When you think about living or staying in a Container home, you may think that the experience will feel minimalist, cramped, or even like you are “roughing it”. These Container Home owners around the world beg to differ!
Our first Container home we will visit is in Brisbane, Australia. Using over 30 shipping containers to construct this container “mansion”, the architects included 4 bedrooms, a gym and an art studio. While this isn’t your typical container home model, it is a testament to the shipping container as a viable, sturdy, and even luxurious building material. This home cost around $450,000 to build, but was well worth the investment, as the owners eventually sold the house for double the build cost! That’s called smart investing, mate!
The next Container Home we will explore is called The Caterpillar House, located just outside Santiago, Chile. This home was built by world renowned architect, Sebastián Irarrázaval. Constructed out of 12 shipping containers, this house was built to render electronic air conditioning unnecessary. This house uses the cool, natural mountain breeze to pass through the house in a passive cooling system!
The last home on our quick tour is located in Kansas City and was designed by a former toy designer, Debbie Glassberg. She built this house from five shipping containers, with the main goal in mind to show that building out of shipping containers doesn’t have to be super-industrial or minimalist. In fact, it can be playful and quirky. She painted the walls in Tiffany blue, and adorned the ceilings with hand-sculpted tiles!
More than anything, these home designers and architects have shown the versatility of shipping containers and the customization that is possible when you are building your own Container Home! What is on your wishlist for your dream Container Home? Let us know in the comments!
A recent article in the Dallas Morning News tells of a development going up in the neighborhood community of McKinney Texas made completely of shipping containers. The project, initiated by Habitat for Humanity is looking for a solution for low-income residents in the DFW area.
When complete next year, Cotton Groves neighborhood will contain 35 homes made from repurposed shipping containers, a community center and a playground. But first Habitat must raise the 4.5 million required to complete the project.
To make the homes as affordable and low maintenance as possible, each will be outfitted with solar panels on the roof to help keep energy costs low. The exterior walls will use fiber cement siding and reclaimed wood for balcony fascia, as well as thin veneer stone for accent walls. The cantilever roof system has a low slope to aid rainfall drainage and gives an accent to the otherwise boxy-looking exterior.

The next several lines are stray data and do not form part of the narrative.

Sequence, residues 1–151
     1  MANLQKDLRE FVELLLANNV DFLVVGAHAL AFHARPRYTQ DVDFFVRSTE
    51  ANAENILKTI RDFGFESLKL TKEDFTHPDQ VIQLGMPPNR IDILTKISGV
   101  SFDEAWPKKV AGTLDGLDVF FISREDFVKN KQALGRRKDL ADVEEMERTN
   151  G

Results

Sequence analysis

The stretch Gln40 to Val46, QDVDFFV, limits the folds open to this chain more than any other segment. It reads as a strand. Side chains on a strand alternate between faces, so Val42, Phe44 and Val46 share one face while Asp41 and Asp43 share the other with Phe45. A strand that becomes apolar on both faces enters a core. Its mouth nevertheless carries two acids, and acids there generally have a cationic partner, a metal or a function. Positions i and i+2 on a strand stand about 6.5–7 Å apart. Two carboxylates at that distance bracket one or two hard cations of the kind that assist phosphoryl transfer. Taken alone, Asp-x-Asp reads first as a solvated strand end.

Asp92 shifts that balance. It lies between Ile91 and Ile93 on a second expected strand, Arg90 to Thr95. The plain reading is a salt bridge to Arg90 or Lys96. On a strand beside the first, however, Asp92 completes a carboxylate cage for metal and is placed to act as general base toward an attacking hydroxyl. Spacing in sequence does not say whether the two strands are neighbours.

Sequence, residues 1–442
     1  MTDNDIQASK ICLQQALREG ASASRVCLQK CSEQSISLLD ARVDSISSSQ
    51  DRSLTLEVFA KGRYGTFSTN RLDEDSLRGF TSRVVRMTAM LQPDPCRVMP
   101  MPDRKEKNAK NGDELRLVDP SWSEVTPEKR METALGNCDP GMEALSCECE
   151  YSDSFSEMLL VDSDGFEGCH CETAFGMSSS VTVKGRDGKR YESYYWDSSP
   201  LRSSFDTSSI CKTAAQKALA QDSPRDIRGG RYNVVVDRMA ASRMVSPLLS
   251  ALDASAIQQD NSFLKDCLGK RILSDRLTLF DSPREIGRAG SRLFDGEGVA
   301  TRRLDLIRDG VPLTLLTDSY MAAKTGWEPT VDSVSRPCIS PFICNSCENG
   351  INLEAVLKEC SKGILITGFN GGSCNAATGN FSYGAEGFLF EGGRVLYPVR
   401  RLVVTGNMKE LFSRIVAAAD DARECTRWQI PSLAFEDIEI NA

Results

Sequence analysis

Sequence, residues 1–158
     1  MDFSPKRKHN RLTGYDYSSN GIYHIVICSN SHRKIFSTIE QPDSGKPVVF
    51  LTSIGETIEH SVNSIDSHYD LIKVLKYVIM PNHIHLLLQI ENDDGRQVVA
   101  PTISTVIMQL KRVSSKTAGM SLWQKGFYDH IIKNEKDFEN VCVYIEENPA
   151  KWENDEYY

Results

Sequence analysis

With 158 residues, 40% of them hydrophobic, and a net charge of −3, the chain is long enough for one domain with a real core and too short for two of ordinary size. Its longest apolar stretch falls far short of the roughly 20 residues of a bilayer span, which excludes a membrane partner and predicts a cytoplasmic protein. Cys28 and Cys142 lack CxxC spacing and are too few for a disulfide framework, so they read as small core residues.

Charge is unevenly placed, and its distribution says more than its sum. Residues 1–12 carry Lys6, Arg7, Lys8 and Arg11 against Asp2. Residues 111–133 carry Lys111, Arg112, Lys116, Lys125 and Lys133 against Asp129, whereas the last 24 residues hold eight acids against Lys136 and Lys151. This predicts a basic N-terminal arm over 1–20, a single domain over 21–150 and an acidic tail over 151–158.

“It says we are forward-thinking. We are innovative. We are willing to look at something different so that we can maximize a piece of property because property is getting very expensive and very scarce,” says Celeste Haiduk Cox, CEO of North Collin County Habitat for Humanity.
The template uses four 8×40 shipping containers that together equal 1,280 square feet, arranged in a couple different configurations for the different models planned. Each home will feature three bedrooms, two bathrooms, a walkout, a second-floor balcony as well as a covered car port for two vehicles. It takes approximately six to eight weeks to construct this re-imagined version of a modular home.
So far, the organization has received a grant of $877,521 from the McKinney Community Development Corp. to complete engineering designs, construct roadways and lay sewer and waters lines for the largely undeveloped property.
Does this sound like a neighborhood you’d like to live in? Habitat will sell the homes to qualified, low income residents at 30 percent of their gross monthly income. Appraisals will determine the market value of these newly constructed homes, so an estimate for the final cost is still in the works, says Cox.
These days it seems that if you want to realize your dream home, much less create something with the environment in mind, you must be willing to spend a life’s fortune. Yet here are 3 lavish homes that were constructed with extremely low budgets that turned out incredible. Let’s have a look:
Gabriela Calvo and Marco Peralta dreamed of living out in the country on a piece of property they bought just 20 minutes outside San Jose, Costa Rica; where they could be with their horses and enjoy the beautiful landscape. The sunrise and spectacular views were important to them, as well as creating a feeling of comfort and home.
Together with architect Benjamin Garcia, they explored the possibility of creating a home from disregarded shipping containers that would allow them to be debt free and live the life they had imagined.